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From |
David Airey <david.airey@Vanderbilt.Edu> |

To |
statalist@hsphsun2.harvard.edu |

Subject |
Re: st: Repeated Measures Manova contrasts |

Date |
Tue, 23 Oct 2007 13:53:55 -0500 |

. /* manova is only well documented in the manual...with many examples and a reference to a text, Rencher (2002). I think Phil Ender will talk about repeated measures possibilities in Stata soon at the West Coast SUG. You should get the manuals or borrow to read the sections you need. Here's some code from a relevant example. Would be good to have FAQ on repeated measures expanded to include this aspect of MANOVA. 1 repeated measures variable and 3 grouping variables allow period and dependent variable interaction by use of ytransform() option of manovatest postestimation command see example 10 in [MV], code lifted here see example 11 in [MV] for multiple dependent variables A good basic level text I like to MANOVA is Maxwell and Delaney. */ use http://www.stata-press.com/data/r10/fabric, clear describe quietly manova y1 y2 y3 = p t p*t f p*f t*f p*t*f /* Create matrix c with rows corresponding to the linear and quadratic contrasts for the three dependent variables; 3 columns for each y, first row linear contrast, second row quadratic contrast. Use matrix c for test of period and dv interactions */ matrix c = (-1, 0, 1 \ -1, 2, -1) /* tests of interaction of period with RHS terms... */ manovatest p, ytransform(c) manovatest t, ytransform(c) manovatest p*t, ytransform(c) manovatest f, ytransform(c) manovatest p*f, ytransform(c) manovatest t*f, ytransform(c) manovatest p*t*f, ytransform(c) /* testing main effects of period... */ manovatest, showorder // use to help make the m matrix below /* [MV] explanation: ...create a row vector m based on above that has: 1 for first column for constant 1/3 for 3 columns for p 1/2 for 2 columns for t 1/2 for 2 columns for f 1/6 for 6 columns for p*t 1/6 for 6 columns for p*f 1/4 for 4 columns for t*f 1/12 for 12 columns for p*t*f */ matrix m = (1), /// J(1,3,1/3), /// J(1,2,1/2), /// J(1,2,1/2), /// J(1,6,1/6), /// J(1,6,1/6), /// J(1,4,1/4), /// J(1,12,1/12) manovatest, test(m) ytransform(c) On Oct 23, 2007, at 11:51 AM, A Noyb wrote:

I ordinarily use SPSS, and am new to Stata; this is my first post to this list. Could anyone refer me to resources for understanding the matrix command, more particularly for _laying out the contrast coefficients depending on the number of levels of the IV and DV in MANOVA_? I hope my questions are proper ones for this list and are not too basic. I am doing a Manova and am most interested in the time by treatment interaction. I am baffled by the contrasts described in the worked example at http://www.ats.ucla.edu/stat/stata/faq/manovarep.htm . Any help in understanding how to write contrasts in such a situation would be much appreciated. The online Stata manual doesn't provide much guidance nor have other web resources/our university library. Thank you, Sandy Below is a more detailed description of the questions I have about the worked example, and also about my own data, in case anyone is inclined/willing to give their two cents. WORKED EXAMPLE input s a y1 y2 y3 y4 1 1 3 4 7 7 2 1 6 5 8 8 3 1 3 4 7 9 4 1 3 3 6 8 5 2 1 2 5 10 6 2 2 3 6 10 7 2 2 4 5 9 8 2 2 3 6 11 end manova y1 y2 y3 y4 = a mat ymat = (1,0,0,-1\0,1,0,-1\0,0,1,-1) mat list ymat I don't understand how these coefficients measure the interaction, it looks like they just compare each of y1 to y3 in turn to y4. MY DATA My dataset has three repeat measurements of a number of variables and several IVs of differing levels. DVTime1 DVTime2 DVTime3 IV1 IV2 3 4 3 1 1 1 2 4 1 2 2 1 5 1 3 3 4 6 1 1 3 5 4 2 2 2 4 3 2 4 3 1 5 2 2 1 4 4 2 2 3 4 4 2 1 The main analysis I need to do looks at the interaction of time and IV1, which has 2 levels. I created a matrix using the following Mat ymat = (1,0,-1\0,1,-1) However the output was quite different from the output from SPSS Manova for the very same data and analysis. Since I am more comfortable with SPSS, I thought it prudent to check my work before proceeding too far. What should the matrix be to look at the time by treatment interaction? The reason I am not using SPSS to do these analyses is that Stata is better suited to my non-normal data. (I ultimately plan to use the negative binomial option on the Manova, once I get the bugs worked out.) Thank you very much for any help you can give. __________________________________________________ Do You Yahoo!? Tired of spam? Yahoo! Mail has the best spam protection around http://mail.yahoo.com * * For searches and help try: * http://www.stata.com/support/faqs/res/findit.html * http://www.stata.com/support/statalist/faq * http://www.ats.ucla.edu/stat/stata/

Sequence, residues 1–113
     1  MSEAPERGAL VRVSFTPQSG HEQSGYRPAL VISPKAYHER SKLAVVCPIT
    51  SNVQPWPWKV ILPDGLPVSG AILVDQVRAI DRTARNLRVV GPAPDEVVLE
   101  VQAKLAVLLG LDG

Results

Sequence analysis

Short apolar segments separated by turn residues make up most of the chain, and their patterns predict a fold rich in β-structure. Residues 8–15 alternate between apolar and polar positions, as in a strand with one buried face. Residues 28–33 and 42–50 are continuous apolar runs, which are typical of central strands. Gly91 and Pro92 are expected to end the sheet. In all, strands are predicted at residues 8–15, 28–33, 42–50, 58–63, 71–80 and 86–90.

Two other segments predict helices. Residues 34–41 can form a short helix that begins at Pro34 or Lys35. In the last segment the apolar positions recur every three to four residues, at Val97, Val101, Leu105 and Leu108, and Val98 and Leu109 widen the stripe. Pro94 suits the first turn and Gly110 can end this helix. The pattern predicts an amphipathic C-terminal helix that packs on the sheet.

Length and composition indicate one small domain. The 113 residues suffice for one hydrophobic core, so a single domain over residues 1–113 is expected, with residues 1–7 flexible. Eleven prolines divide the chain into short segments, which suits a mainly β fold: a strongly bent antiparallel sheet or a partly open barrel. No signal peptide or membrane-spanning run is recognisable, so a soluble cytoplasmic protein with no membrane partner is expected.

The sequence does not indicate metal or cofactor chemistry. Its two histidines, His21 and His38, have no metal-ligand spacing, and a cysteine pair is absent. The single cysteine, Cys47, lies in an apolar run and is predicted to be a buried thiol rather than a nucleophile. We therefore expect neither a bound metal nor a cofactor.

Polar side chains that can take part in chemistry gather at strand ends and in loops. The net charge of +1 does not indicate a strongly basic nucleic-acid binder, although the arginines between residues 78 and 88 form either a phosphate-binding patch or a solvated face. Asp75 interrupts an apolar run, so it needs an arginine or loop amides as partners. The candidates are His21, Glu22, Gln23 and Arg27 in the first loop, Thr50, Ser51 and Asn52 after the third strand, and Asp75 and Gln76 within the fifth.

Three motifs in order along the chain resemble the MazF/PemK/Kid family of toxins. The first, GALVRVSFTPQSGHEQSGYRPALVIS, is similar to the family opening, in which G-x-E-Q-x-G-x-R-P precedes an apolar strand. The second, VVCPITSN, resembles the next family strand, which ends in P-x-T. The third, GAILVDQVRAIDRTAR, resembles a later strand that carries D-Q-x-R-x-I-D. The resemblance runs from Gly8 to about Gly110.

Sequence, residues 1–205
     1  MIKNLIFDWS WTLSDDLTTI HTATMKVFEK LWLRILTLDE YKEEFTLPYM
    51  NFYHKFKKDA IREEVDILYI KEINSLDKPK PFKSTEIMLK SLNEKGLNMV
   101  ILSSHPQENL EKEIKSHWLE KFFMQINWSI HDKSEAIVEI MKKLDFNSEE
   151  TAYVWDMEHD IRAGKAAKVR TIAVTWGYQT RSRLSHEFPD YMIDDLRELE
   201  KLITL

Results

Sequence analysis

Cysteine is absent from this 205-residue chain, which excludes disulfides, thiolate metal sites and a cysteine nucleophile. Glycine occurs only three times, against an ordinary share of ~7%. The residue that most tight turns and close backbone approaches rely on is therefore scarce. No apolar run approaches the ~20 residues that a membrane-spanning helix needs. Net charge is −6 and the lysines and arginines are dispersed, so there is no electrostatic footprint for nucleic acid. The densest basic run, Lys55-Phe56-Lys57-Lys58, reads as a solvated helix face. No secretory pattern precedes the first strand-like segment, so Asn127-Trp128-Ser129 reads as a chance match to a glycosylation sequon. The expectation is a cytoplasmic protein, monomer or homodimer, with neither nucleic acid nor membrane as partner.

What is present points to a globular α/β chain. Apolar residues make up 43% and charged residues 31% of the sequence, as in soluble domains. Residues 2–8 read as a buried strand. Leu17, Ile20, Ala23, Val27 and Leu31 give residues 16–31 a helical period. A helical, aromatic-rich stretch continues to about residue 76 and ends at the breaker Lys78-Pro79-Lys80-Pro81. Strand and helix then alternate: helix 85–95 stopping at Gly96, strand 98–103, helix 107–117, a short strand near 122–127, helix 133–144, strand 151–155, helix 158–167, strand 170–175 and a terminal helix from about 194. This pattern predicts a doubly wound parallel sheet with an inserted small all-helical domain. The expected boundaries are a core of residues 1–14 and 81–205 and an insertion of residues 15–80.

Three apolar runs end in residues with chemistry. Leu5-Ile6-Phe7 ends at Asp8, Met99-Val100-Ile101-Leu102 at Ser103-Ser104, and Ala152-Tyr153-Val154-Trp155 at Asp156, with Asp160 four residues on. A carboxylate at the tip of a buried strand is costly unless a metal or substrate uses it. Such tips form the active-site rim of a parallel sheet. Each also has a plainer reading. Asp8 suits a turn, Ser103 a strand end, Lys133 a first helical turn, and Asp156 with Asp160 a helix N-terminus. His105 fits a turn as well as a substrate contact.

-- David C. Airey, Ph.D. Pharmacology Research Assistant Professor Center for Human Genetics Research Member Department of Pharmacology School of Medicine Vanderbilt University Rm 8158A Bldg MR3 465 21st Avenue South Nashville, TN 37232-8548 TEL (615) 936-1510 FAX (615) 936-3747 EMAIL david.airey@vanderbilt.edu URL http://people.vanderbilt.edu/~david.c.airey/dca_cv.pdf URL http://www.vanderbilt.edu/pharmacology * * For searches and help try: * http://www.stata.com/support/faqs/res/findit.html * http://www.stata.com/support/statalist/faq * http://www.ats.ucla.edu/stat/stata/

**References**:**st: Repeated Measures Manova contrasts***From:*A Noyb <kakamega2005@yahoo.com>

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